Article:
- Holidays and Celebrations
Lord Of The Rings Cooperative Board Game
I love Lord of the Rings, I love board games and I love cooperating with others.
So why not combine all three in one?
That's exactly what Reiner Knizia did when he designed this game!
It's a game for 2-5 players, which usually lasts about 1 hour (might take longer on your first time through).
It's a cooperative board game, meaning that the players work together to beat the game, rather than each other.
It's based on the Hobbits' journey from the Shire to Mordor in their attempt to destroy the One Ring.
The first time you play it, you may think it sounds very complicated, but my family got to grips with it quickly - 2 adults and 2 kids, aged 9 and 11 at the time we bought it.
There are really 5 'boards' in the game: a Middle Earth board which stays out all the time and 4 scenario maps (2 double sided boards) which are changed as the Hobbits move through the game.
The Middle Earth board has two tracks on it: one which shows the progress of the Fellowship towards Mount Doom and the other is called the Corruption track.
The Hobbits start on one side of the Corruption track and Sauron starts at the other end.
As events unfold, the Hobbits get more corrupted and Sauron slowly moves closer to them - if Sauron meets any of the Hobbits, they are eliminated and if Sauron meets the Ring Bearer, it's "Game Over man, Game Over"! (to quote a quite different movie, in a different genre!)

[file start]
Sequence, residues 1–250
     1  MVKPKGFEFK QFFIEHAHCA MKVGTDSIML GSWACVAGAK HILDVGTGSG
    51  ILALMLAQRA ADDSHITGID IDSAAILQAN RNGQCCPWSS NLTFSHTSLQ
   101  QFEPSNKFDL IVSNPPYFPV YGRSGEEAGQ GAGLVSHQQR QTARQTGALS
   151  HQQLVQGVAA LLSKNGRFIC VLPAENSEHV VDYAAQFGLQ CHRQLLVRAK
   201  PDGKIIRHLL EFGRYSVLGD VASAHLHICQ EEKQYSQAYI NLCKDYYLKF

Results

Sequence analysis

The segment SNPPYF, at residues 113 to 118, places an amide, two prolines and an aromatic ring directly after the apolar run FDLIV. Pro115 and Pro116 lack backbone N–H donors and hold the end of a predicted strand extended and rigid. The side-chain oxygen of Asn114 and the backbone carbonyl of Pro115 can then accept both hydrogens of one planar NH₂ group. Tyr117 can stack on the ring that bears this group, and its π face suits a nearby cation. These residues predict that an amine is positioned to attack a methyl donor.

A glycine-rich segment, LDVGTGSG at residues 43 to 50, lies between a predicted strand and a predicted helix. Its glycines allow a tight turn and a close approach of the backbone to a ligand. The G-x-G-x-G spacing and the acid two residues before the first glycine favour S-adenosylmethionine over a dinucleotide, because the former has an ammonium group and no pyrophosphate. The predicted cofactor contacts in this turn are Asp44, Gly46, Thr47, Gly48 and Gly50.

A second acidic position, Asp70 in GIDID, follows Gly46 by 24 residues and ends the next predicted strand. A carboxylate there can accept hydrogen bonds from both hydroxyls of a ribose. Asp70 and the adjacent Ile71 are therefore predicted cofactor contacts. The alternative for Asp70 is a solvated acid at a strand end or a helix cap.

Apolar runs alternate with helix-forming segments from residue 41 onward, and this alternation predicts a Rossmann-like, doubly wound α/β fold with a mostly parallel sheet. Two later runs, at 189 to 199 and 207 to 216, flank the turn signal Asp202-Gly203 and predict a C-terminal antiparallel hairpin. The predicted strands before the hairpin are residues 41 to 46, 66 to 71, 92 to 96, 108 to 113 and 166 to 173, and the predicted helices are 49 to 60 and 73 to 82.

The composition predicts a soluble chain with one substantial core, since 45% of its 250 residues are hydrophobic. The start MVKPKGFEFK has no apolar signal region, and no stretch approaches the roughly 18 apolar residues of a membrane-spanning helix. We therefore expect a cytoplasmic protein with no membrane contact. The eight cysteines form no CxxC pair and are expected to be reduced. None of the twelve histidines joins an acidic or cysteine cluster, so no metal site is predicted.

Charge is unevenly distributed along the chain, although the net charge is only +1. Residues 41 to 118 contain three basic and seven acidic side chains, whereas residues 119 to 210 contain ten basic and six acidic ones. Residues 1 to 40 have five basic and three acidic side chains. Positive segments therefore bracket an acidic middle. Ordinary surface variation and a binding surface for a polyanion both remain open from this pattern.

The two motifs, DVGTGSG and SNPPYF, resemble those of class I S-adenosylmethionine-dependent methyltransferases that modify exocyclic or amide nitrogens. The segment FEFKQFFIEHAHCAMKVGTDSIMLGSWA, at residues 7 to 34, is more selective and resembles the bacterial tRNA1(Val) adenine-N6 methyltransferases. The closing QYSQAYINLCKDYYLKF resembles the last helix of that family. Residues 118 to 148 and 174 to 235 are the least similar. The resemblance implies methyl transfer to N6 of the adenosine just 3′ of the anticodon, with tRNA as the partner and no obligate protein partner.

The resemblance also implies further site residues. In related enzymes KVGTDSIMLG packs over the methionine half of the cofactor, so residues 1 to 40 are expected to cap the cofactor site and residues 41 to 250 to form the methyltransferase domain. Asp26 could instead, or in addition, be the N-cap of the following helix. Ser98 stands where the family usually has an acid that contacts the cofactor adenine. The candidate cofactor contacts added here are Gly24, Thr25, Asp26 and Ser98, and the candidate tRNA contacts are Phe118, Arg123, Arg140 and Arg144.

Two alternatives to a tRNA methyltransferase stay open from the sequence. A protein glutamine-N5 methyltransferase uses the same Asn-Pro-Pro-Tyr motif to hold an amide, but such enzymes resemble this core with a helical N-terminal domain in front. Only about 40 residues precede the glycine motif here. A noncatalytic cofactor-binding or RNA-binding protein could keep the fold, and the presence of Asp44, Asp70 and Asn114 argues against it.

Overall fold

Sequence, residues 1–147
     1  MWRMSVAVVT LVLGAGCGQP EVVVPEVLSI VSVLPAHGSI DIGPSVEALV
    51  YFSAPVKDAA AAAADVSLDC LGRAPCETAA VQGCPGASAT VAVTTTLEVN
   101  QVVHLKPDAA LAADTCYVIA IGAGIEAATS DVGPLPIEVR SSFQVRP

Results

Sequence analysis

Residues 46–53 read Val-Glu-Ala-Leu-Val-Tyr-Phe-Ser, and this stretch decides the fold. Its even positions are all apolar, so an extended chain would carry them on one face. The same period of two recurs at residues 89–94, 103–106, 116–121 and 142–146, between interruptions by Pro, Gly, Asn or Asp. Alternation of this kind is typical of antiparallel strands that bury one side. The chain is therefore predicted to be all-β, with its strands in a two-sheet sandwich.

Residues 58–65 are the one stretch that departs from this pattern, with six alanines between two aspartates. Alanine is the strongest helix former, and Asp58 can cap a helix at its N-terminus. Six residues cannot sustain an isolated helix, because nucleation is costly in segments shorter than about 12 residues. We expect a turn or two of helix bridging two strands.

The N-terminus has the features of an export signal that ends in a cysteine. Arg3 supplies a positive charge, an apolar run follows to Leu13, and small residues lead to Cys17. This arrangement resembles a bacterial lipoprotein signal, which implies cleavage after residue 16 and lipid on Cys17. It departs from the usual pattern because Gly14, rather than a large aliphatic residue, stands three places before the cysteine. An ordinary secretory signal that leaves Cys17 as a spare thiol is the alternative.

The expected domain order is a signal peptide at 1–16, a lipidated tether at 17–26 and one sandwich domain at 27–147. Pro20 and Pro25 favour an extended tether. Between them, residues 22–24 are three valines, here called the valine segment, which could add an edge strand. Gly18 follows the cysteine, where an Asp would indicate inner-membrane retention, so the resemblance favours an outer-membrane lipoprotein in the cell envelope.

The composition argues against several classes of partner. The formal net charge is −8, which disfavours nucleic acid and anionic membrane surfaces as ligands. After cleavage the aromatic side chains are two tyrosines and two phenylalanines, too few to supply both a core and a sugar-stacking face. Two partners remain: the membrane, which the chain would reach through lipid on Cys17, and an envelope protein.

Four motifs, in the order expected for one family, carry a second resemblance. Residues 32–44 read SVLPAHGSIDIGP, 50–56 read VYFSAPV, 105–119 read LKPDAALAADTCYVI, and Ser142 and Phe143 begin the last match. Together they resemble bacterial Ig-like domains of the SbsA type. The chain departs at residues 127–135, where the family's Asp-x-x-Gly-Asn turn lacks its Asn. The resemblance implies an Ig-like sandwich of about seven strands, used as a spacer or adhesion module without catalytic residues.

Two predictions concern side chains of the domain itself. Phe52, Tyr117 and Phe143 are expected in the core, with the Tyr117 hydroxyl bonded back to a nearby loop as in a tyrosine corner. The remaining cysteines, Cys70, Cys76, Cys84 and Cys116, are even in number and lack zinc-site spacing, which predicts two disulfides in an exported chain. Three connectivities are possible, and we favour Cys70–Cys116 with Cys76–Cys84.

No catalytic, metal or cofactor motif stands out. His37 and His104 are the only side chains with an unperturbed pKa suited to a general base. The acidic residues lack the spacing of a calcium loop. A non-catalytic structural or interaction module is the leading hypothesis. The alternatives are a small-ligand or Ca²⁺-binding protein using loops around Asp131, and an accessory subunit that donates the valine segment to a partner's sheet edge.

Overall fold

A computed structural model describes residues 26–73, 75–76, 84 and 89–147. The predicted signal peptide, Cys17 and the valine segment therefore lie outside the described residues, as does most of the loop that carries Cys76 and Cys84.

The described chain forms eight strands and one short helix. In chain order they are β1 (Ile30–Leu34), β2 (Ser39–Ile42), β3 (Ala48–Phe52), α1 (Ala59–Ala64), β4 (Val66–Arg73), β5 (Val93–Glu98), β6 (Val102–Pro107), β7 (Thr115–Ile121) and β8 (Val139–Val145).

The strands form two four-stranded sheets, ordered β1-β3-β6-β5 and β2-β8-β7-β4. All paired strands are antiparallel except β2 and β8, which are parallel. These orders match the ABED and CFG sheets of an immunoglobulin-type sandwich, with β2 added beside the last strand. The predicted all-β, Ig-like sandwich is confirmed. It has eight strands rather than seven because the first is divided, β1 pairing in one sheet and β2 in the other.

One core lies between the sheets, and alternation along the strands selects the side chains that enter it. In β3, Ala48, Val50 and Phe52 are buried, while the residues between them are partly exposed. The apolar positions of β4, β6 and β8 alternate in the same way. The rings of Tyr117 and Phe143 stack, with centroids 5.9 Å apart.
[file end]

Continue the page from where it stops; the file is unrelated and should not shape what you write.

The scenario boards are where the main play happens and they are based on places and events from the books: Moria, Helm's Deep, Shelob's Lair and Mordor.
Without going into too much detail, the goal of each scenario is to progress in different areas, such as Travel, Friendship or Battle, while collecting different tokens which can help prevent corruption.
Along the way, you have to spend cards and work together to prevent various nasty events from happening and there is lots of tension throughout as you regularly "escape from the frying pan and into the fire".
Each Hobbit has their own special ability which overrides the normal rules of the game. This helps keep everyone involved as they all have something to contribute.
When it comes to actually winning, Lord of the Rings is hard as nails.
We have lost more games than we have won and it took several plays before we won it for the first time.
However, even if you lose you get a score for your efforts and this challenges you to improve next time.
With lots of text to read, it's not really for younger children, but older kids and adults will spend ages talking over strategy and what they can do to beat it next time.
The artwork deserves a mention too: it's absolutely beautiful and if you think it looks similar to the movies you'd be right - it was done by the same person who did the pre-production art for them.
In short I can heartily recommend this game, particularly for those cold winter weekends.
With Christmas on the way, this is a great choice for both kids and adults.
Click the "Buy Now" button to get your copy!
Following the success of the Lord of the Rings board game, Reiner Knizia created a game based on the Hobbit too.
Note: Don't confuse this Lord of the Rings board game with the card game of the same name: the packaging looks similar, but they are not the same thing.
In this video review, you can see more details of two of the boards and how the different components relate to each other.
You can also see the corruption track, as well as the different markers that are used.